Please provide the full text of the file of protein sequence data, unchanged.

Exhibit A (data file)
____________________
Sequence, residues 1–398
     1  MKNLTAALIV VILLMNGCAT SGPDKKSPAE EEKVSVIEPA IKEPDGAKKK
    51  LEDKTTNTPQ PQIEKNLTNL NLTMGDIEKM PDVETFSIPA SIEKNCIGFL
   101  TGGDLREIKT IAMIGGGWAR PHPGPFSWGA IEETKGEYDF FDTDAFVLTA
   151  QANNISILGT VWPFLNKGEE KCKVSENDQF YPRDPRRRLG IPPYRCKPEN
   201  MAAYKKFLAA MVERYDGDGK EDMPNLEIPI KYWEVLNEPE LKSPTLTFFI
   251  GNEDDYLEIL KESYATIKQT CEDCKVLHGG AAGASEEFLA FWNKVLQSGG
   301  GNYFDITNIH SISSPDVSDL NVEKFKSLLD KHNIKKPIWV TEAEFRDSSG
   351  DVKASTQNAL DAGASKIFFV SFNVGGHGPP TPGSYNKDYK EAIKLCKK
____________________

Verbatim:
Sequence, residues 1–398
     1  MKNLTAALIV VILLMNGCAT SGPDKKSPAE EEKVSVIEPA IKEPDGAKKK
    51  LEDKTTNTPQ PQIEKNLTNL NLTMGDIEKM PDVETFSIPA SIEKNCIGFL
   101  TGGDLREIKT IAMIGGGWAR PHPGPFSWGA IEETKGEYDF FDTDAFVLTA
   151  QANNISILGT VWPFLNKGEE KCKVSENDQF YPRDPRRRLG IPPYRCKPEN
   201  MAAYKKFLAA MVERYDGDGK EDMPNLEIPI KYWEVLNEPE LKSPTLTFFI
   251  GNEDDYLEIL KESYATIKQT CEDCKVLHGG AAGASEEFLA FWNKVLQSGG
   301  GNYFDITNIH SISSPDVSDL NVEKFKSLLD KHNIKKPIWV TEAEFRDSSG
   351  DVKASTQNAL DAGASKIFFV SFNVGGHGPP TPGSYNKDYK EAIKLCKK